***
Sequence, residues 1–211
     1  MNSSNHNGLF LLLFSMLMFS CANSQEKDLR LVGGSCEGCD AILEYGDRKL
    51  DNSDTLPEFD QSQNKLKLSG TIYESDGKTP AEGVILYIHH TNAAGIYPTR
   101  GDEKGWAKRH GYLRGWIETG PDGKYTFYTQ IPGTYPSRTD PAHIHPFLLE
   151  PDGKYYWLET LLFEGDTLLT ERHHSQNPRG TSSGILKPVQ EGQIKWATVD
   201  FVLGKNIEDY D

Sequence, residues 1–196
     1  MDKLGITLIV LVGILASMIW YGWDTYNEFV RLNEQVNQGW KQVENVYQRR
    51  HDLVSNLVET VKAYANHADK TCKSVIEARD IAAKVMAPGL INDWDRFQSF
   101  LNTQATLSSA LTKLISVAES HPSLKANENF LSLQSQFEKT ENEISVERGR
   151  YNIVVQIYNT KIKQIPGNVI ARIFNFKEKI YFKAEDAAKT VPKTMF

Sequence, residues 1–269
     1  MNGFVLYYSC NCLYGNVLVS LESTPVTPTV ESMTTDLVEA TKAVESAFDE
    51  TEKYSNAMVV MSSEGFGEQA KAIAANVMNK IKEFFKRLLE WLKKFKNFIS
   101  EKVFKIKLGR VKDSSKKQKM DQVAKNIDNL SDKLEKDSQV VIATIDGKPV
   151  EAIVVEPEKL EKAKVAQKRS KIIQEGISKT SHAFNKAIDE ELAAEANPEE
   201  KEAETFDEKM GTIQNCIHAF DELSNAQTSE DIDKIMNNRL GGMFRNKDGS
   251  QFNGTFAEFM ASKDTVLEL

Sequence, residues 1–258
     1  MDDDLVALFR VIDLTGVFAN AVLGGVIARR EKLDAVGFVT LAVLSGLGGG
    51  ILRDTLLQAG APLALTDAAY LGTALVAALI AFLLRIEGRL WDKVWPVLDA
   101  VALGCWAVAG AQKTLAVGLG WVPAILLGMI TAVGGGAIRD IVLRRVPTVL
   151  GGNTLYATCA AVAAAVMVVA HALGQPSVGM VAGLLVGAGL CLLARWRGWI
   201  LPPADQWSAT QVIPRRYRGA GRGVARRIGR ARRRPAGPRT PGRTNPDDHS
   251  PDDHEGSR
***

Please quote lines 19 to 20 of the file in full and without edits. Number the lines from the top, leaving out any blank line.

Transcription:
Sequence, residues 1–258
     1  MDDDLVALFR VIDLTGVFAN AVLGGVIARR EKLDAVGFVT LAVLSGLGGG